During his decade of missionary service with Grandma, I have patchy remembrances of good times spent together. After their return from a mission, they had no car or other transportation. Grandpa quickly got to work and found something they could drive—a Chevrolet Panel truck. It was like a three-door Suburban. I went to pick it up with Grandpa from an old neighbor. When we pulled up I could hardly believe he was planning on paying money for the vehicle nestled in the Kosha weeds next to a cinder block shed. I honestly was scared to hop in one of the three doors because I was certain it was infested with Kamima Pack Rats (with big teeth).
I was wrong about that old rig; after Grandpa cleaned it up it took us grandchildren on amazing adventures, adventures we won't soon forget.
Every trip with Grandpa turned into a spectacular journey. Grandpa wasn't one to take the easy or common road to get places; he always created a path of his own—or at least got lost in the attempt. I loved when he took me on DuPont sales calls or trips to the back farm or to visit cousins, not necessarily because of the destination but because of the stories along the way. Grandpa had a unique way of sensing the times when I was especially concerned about my family (even when I was really young) and would lovingly assure me that things would work out and that he was there to help.
I remember one trip to the livestock sale very well. Before the big event, Grandpa and I got "hangaburs" at the auction yard cafe and discussed livestock. He acted like he valued my opinion about what he should purchase. When the sale finally started I got Grandpa in a bit of trouble, I think. I guess I talk with my hands a lot, because the auctioneer kept thinking I was bidding on animals. Grandpa taught me to keep my hands down and let him do the bidding because he was registered to do so. And he knew the difference between a cow and a bull.
I am not sure what Grandpa planned on purchasing that day, but I remember what we took home in the blue and white Ford with the livestock rack on back: a stubborn donkey and a silly "nana" goat. It was almost impossible to get that dumb goat to get down from her perch on top of the spare tire. I remember Grandpa and me laughing hysterically as we poked her and coaxed her to forego her mountain goat instincts.
Whenever I was with Grandpa, I knew he was respected. After eight of us plus our luggage experienced a long ride home to Philly from the Annapolis airport I was privileged to see Grandpa as a missionary for a few days. I remember walking down the streets of South Philadelphia with him one day and seeing him say "hello" to everyone. It seemed as if they all were his old friends: the lady at the dry cleaner, the CVS attendant and the mailman. His goodness certainly shined in his eyes.
In addition to his goodness I admire his strength. He battled with cancer in such an amazing way. One of my biggest concerns upon my return home from my mission was to see grandpa because I had heard he wasn't doing so well. When I first saw him with his new look, the "moon face" as he called it, he was still the same person I remembered and adored.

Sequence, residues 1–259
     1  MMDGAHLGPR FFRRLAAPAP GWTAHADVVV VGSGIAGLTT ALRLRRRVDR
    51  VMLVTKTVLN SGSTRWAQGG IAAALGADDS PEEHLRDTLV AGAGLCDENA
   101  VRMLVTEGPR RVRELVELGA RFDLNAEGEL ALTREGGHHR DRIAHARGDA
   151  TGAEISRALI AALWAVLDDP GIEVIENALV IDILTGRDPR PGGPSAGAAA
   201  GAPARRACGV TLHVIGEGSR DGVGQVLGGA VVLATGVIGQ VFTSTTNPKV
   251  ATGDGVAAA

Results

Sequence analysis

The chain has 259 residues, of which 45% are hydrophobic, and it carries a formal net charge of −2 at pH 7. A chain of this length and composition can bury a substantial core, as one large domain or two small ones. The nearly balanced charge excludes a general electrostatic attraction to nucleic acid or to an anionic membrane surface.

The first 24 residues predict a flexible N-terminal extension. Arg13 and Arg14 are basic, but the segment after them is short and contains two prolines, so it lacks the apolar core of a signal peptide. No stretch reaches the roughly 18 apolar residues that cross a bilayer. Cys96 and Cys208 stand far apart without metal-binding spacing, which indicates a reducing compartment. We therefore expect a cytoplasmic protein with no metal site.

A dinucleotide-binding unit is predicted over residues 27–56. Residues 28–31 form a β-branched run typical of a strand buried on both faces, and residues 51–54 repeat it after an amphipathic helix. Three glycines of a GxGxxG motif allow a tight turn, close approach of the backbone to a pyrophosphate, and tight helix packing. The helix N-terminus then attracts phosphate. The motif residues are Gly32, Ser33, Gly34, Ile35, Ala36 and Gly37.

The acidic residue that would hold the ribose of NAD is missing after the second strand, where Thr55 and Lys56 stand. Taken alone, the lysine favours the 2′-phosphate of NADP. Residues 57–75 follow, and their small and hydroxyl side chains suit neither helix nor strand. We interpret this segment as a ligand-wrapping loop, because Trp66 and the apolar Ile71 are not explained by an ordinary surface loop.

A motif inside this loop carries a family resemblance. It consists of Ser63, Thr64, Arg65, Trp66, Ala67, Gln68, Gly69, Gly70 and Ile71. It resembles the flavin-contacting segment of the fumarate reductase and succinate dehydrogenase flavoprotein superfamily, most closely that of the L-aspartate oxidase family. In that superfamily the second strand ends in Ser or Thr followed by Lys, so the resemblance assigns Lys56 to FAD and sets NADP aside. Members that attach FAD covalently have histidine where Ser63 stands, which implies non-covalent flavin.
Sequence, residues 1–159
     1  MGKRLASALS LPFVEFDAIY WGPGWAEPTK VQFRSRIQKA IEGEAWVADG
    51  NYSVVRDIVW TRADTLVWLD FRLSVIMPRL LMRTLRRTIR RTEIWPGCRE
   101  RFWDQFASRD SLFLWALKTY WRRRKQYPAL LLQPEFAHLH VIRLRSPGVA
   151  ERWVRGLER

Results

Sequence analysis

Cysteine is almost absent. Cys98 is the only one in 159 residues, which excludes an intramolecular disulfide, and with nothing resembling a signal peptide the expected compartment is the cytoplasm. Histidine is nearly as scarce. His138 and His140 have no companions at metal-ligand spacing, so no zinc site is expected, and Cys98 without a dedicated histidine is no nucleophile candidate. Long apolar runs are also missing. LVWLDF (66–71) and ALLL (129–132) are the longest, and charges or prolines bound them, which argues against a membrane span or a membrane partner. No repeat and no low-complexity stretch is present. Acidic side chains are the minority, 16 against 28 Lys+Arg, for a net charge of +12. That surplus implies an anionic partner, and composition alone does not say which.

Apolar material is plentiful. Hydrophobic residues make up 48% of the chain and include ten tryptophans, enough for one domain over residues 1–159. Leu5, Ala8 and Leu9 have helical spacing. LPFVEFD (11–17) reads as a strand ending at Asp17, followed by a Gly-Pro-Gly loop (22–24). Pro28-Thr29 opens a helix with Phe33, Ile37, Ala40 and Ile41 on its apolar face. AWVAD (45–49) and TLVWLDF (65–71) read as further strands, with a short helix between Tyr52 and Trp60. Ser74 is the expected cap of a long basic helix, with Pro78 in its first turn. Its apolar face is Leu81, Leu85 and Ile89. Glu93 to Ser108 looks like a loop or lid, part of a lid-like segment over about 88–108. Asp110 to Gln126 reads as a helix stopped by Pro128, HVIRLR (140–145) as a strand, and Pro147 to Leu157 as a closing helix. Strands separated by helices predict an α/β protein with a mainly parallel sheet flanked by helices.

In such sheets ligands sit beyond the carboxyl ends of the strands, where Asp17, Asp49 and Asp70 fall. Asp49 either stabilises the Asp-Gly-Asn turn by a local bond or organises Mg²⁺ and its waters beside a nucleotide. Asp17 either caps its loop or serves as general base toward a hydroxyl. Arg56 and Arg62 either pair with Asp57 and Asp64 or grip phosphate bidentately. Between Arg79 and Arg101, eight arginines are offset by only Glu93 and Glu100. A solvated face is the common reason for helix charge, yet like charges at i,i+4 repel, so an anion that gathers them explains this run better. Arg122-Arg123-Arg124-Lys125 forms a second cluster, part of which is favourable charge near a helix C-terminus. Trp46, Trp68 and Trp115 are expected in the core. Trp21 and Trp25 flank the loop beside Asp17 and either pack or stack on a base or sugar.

Associating with Grandpa the past couple of years has been a tremendous blessing. I believe that the end of our life is sort of the last question on the test of mortality we are all presently taking. The last question on a test is usually the most difficult, but Grandpa didn't let it stump him. He truly "endured to the end."
I won't forget the early morning chats over breakfast. I won't forget the times he would call days in advance of my trip home for the weekend to schedule a Saturday lunch date at Charlie's for ribs--"Grandma, she don't like them ribs as much as we do." I won't forget the times we were in the temple together and he insisted I push his wheelchair, as if I were an expert or something. Due to that, I won't forget the dedication I saw in his eyes as he renewed his commitment to keep sacred promises he had made with the Lord.
I feel blessed for the time I had to spend with him in the hospital preceding his death. I learned how a real man and disciple of Jesus Christ acts during times of adversity. He never lost faith or treated others poorly even though he was visibly weary and in pain.
"Hate is a pretty strong word," was the first thing I remember him teaching me. It is probably one of the last things he taught me as well, and illustrates the complete lack of hypocrisy in his character. He didn't hate anyone. He didn't hate his difficult circumstances. He didn't hate the Lord for allowing bad things to happen.
In place of hate in his life was charity--pure and everlasting love.
Grandpa was pretty sick the last time I visited him. We were watching boxing and chatting while Grandma was out; she hated to leave him alone. Our conversation was light at times but became very serious when he started talking about Grandma and his family. I know that his love for her is the "highest, noblest kind of love." At that moment, I understood what pure love really is: what Grandpa had for Grandma.
"But Charity is the pure love of Christ, and it endureth forever; and whoso is found possessed of it at the last day, it shall be well with him." (Moroni 8:47)
I am blessed to know that such pure love doesn't cease with death. I am blessed to understand better what charity is because of my Grandpa.
Sunday, May 24, 2009
I loved seeing this video this morning. I am grateful for my membership in a church with leaders that inspire me to be a better person. I am especially grateful for the message of President Monson, who said the best gift he could receive for his birthday was for church members to
"Find someone who is having a hard time and do something for them."
On this memorial weekend, I am thinking of those who taught this message to me through their actions. Many of them have already passed on, but I am still inspired by their legacy. I feel so blessed to have known heroes who thought of others even in the moment of personal affliction and pain.
I pay tribute to those who sacrifice for the benefit of others. I am especially grateful for those who have given their lives in the service of this country. This "last measure of devotion" is greatly appreciated, and I hope to always respect that which they so nobly fought and died for.
Thanks, and happy Memorial Day tomorrow!